Mia holding a federally endangered blunt-nosed leopard lizard (Gambelia sila), helping environmental scientist counterparts from Region 4 with their annual population surveys in West Kern County.
Mia handling San Joaquin kit fox (Vulpes macrotis mutica) in Bakersfield.
In an effort to control a mange outbreak affecting the kit fox population in Bakersfield, Mia and other scientists were providing a helping hand to do some wellness checks for individual animals.
Mia Roberts is an environmental scientist for CDFW’s Office of Spill Prevention and Response (OSPR). She is part of the Fairfield-based field response team, tasked with responding to oil spills throughout the San Francisco Bay Area. She previously worked on the response team in Bakersfield.
Mia began her career with the department as a scientific aid working on the Delta Smelt and Coastal Pelagic Species programs. She then served a brief stint in the private sector, working as a scientist for an environmental consulting firm that specialized in electrical transmission projects. She returned to the department in her current role at OSPR about three years ago.
Mia earned a bachelor’s degree in integrative biology from the University of California, Berkeley, and has diverse professional experience in natural resources management and environmental compliance. She is also a fluent Spanish speaker after spending time studying abroad in Costa Rica.
Who or what inspired you to become a scientist?
My inspiration to pursue a career in natural resources protection came from my mother. She taught me to care for the environment around me, even if that meant picking up one piece of trash a day. She encouraged outdoor play, and many of our family outings were spent outdoors. In addition to my mother, Jane Goodall was (and still is) a powerful role model for me.
What got you interested in working with CDFW?
Not everyone is lucky enough to know what they want to “be” when they grow up, but I had a general idea of what I wanted to do since I was very young, which was to protect animals. My career goals evolved and matured over time as I accumulated professional and life experience, but my core interests have always stayed the same – speaking for the voiceless.
I have worked in private industry, the federal government and in non-profit organizations, but my favorite and most fulfilling work experiences have always been with CDFW. The work I have done, and continue to do, has always aligned with my childhood aspirations of protecting the natural world. I work alongside some amazing people at CDFW, and I have learned so much from them along the way. I hope to continue learning as much as possible with the department while simultaneously contributing to the protection of our state’s beautiful and unique natural resources for future generations.
What is a typical day like for you at work?
Being on the Northern Field Response Team means we are some of the first people on scene during an oil spill. My schedule could be full of oil spill drills, contingency planning and training activities, but it could all be dropped if the team has to respond to an oil spill. I love having a profession where I never know what my day is going to look like, because it keeps me on my toes and I never get bored.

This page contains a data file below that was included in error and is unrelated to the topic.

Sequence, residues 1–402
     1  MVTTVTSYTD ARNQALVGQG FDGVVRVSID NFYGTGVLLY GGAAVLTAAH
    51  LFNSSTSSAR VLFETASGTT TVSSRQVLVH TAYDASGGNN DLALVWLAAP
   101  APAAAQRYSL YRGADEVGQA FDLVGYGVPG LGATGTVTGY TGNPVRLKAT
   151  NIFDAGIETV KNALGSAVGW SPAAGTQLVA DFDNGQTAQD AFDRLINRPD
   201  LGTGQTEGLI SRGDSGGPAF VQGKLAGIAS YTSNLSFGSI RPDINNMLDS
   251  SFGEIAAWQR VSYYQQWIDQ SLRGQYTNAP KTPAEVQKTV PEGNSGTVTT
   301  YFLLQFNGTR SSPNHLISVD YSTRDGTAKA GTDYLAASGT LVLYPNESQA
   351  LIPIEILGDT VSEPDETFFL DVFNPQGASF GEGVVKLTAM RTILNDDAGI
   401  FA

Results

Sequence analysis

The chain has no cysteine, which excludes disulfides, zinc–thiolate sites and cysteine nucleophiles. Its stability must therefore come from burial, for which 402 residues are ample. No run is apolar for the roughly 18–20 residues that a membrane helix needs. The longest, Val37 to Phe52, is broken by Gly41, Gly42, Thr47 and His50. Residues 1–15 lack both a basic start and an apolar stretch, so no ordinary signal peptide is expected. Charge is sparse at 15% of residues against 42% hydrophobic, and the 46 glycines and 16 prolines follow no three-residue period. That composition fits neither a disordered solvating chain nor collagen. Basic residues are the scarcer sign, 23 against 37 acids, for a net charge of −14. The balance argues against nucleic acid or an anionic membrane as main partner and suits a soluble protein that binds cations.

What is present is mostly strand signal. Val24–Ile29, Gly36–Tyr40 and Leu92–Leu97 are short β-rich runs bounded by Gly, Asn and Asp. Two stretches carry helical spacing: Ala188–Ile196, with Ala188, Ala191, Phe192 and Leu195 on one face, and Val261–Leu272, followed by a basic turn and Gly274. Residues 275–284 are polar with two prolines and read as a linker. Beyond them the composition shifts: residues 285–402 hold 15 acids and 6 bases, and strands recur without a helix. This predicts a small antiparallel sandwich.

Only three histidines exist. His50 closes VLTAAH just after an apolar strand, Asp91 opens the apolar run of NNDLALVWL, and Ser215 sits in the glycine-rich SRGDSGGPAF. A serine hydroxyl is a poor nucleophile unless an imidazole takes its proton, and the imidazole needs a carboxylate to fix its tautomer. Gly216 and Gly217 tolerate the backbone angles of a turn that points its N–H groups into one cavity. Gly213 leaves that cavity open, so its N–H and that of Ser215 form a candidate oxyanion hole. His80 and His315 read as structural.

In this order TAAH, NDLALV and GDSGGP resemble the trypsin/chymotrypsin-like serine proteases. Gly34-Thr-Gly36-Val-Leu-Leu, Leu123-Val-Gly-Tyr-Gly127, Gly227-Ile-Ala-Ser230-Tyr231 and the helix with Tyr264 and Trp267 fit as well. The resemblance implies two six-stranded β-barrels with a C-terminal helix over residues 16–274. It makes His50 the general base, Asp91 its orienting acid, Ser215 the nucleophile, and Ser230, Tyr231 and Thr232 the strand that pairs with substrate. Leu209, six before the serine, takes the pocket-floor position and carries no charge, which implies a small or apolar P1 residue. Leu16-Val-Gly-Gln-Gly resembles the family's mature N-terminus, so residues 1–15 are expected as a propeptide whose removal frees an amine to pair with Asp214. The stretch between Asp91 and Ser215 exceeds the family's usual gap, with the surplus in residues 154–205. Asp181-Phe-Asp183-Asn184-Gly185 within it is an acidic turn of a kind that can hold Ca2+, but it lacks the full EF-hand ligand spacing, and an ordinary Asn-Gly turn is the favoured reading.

I love working with a team to solve a problem, and being part of the response team provides endless opportunities to do that. Every spill we respond to is different and comes with its own challenges. Our main goal as the field response team is to safely clean up oil spills while causing the least environmental harm. I very much enjoy working with my fellow responders to accomplish that goal.
Over the course of your career, was there a discovery or an incident that surprised you?
My time with OSPR has been full of surprises, but the biggest one so far was learning about the history of oil in California. I had no idea that California played such a large role in oil production for the nation. Seeing the extensive Central California oil fields was a huge eye-opener, and it felt like I was on a whole new planet that I did not know existed. Here was black, sticky oil literally oozing out of the ground from natural seeps! The same seeps that created the tar-pit-death-traps for countless prehistoric creatures! How did I miss this my whole life?
If you had free reign and unlimited funding, what scientific project would you most like to take on?
I would love to train an oil detection dog to aid with oil spill response. Dogs are amazing creatures and can perform many tasks that could benefit the spill response community. Their capacity for scent detection and differentiation could really change the way we respond to oil spills in the state, and the department already has a wonderful infrastructure to support this type of project.
Do you have any advice for people considering careers in science or natural resources?
Get as much experience early on as you possibly can! The competition for entry-level natural resources and science jobs can be fierce, and oftentimes it is that little bit of volunteer time you had at that lab, or the summer you spent doing field work banding birds that can make all the difference.
The field of science is extremely broad, so I would recommend trying to identify the specific job you would like to do and spend your time gaining experience relevant to that position. During college, I spent a lot of my undergraduate time as a research assistant on various research projects, working for graduate students and research labs on campus. These jobs can provide you with the hands-on experience employers look for when hiring for entry-level positions.
CDFW Photos courtesy of Mia Roberts. Top Photo: Mia Roberts helping perform kangaroo rat surveys in West Kern County with our fellow environmental scientists from Region 4. The animal she is holding is a federally endangered giant kangaroo rat (Dipodomys ingens).